When Aly arrived home Friday evening for a weekend visit, we were just in time. Walking through the yard I heard a sharp tweeting sound, similar to, but different from the song bird calls we hear around the property. Curious, I went to the edge of the beach and looked into the water, where I found a family of river otters on an outing. I called to Michelle and Aly, and we snuck down to the water’s edge to watch.
An adult otter escorted three very nervous pups along the rocky edge. They piped in alarm and swam so close to the adult that at times they appeared to be climbing up on its back or head. When it dove, they dove right with it, then popped up to the surface to begin crying again. They were small and scrawny, pathetic, and very cute.
We were lucky to get a good view of them from the rocks above without disturbing them. Unfortunately, although Aly tried, we didn’t get any photos of them.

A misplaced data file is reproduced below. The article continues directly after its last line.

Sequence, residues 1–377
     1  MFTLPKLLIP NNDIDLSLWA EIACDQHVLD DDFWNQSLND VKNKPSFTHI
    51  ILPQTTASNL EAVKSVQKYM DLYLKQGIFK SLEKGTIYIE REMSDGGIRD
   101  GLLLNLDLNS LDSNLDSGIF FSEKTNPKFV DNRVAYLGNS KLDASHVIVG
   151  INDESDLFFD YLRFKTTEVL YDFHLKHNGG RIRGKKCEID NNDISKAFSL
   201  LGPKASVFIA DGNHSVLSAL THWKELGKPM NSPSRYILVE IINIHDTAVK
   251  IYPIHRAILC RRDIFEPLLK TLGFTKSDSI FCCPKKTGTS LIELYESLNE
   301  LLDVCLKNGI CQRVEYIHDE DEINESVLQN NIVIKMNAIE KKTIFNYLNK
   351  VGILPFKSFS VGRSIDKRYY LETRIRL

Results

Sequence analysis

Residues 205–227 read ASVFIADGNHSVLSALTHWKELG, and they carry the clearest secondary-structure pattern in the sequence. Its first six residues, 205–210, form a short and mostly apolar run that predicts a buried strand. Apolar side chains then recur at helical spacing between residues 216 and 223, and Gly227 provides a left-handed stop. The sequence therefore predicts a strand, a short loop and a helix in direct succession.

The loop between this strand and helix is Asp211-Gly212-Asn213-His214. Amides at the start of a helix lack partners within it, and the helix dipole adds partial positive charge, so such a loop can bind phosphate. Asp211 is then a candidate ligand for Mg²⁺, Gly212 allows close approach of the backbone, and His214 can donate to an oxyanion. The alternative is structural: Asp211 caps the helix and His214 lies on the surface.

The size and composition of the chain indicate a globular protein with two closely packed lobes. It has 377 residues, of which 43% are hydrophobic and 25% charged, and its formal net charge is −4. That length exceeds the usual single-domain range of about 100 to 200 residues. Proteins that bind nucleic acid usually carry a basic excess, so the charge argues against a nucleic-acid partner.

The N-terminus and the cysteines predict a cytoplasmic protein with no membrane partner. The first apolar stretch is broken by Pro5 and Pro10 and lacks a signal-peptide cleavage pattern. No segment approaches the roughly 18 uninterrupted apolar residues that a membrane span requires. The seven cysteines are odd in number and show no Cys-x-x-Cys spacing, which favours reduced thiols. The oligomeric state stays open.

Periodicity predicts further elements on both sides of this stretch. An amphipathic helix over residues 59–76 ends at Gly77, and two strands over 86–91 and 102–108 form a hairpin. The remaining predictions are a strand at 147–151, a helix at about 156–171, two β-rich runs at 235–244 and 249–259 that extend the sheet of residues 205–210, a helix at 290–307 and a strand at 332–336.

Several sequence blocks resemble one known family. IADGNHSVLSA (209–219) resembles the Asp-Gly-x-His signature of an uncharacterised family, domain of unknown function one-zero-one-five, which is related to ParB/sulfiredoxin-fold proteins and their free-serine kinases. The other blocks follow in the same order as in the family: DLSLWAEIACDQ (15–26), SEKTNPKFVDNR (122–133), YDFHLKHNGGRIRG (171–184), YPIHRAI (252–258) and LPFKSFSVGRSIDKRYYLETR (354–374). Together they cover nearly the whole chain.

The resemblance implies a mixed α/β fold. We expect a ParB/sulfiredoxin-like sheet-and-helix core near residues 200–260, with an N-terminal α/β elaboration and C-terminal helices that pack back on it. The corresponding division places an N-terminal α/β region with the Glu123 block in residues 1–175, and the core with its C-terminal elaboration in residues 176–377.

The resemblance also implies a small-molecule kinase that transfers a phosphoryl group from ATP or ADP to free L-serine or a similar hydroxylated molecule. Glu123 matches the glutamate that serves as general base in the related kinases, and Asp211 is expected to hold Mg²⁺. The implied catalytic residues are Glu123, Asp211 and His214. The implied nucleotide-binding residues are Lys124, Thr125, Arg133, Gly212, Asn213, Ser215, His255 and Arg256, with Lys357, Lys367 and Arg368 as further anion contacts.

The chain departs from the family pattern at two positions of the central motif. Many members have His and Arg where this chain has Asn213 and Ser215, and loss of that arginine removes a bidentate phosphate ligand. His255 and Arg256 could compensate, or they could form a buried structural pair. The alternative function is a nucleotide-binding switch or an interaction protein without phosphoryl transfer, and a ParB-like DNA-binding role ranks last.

We have seen these outings in the past, or heard them pass in the dark later in the autumn. Usually there are at least two adults, presumably both parents, and extras—uncles and aunts, perhaps, or older siblings. The young ones pipe in alarm, while their elders make the otter comfort sound, a chuckling grunt that sounds like someone saying “what what what what?” very quickly in a low voice. We didn’t hear that Friday, possibly because the wind was fairly high, drowning out the low frequency vocalization. Sometimes we have not been able to observe unnoticed. Then, the pups really get agitated, and the adults make a sneeze-like warning off sound, and glare at us, hoping we’ll go away.